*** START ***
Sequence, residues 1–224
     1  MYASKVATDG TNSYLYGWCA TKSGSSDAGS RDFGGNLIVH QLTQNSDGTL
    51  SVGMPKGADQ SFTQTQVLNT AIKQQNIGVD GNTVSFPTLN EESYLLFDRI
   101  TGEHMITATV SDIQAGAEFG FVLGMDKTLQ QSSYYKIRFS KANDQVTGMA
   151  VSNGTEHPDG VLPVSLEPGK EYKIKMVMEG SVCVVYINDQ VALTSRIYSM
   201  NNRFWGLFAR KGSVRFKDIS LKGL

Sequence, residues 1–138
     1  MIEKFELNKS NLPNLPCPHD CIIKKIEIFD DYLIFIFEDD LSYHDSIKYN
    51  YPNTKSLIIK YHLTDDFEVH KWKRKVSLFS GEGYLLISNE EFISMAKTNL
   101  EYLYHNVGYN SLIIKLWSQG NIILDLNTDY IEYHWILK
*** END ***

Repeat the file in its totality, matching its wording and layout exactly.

Sequence, residues 1–224
     1  MYASKVATDG TNSYLYGWCA TKSGSSDAGS RDFGGNLIVH QLTQNSDGTL
    51  SVGMPKGADQ SFTQTQVLNT AIKQQNIGVD GNTVSFPTLN EESYLLFDRI
   101  TGEHMITATV SDIQAGAEFG FVLGMDKTLQ QSSYYKIRFS KANDQVTGMA
   151  VSNGTEHPDG VLPVSLEPGK EYKIKMVMEG SVCVVYINDQ VALTSRIYSM
   201  NNRFWGLFAR KGSVRFKDIS LKGL

Sequence, residues 1–138
     1  MIEKFELNKS NLPNLPCPHD CIIKKIEIFD DYLIFIFEDD LSYHDSIKYN
    51  YPNTKSLIIK YHLTDDFEVH KWKRKVSLFS GEGYLLISNE EFISMAKTNL
   101  EYLYHNVGYN SLIIKLWSQG NIILDLNTDY IEYHWILK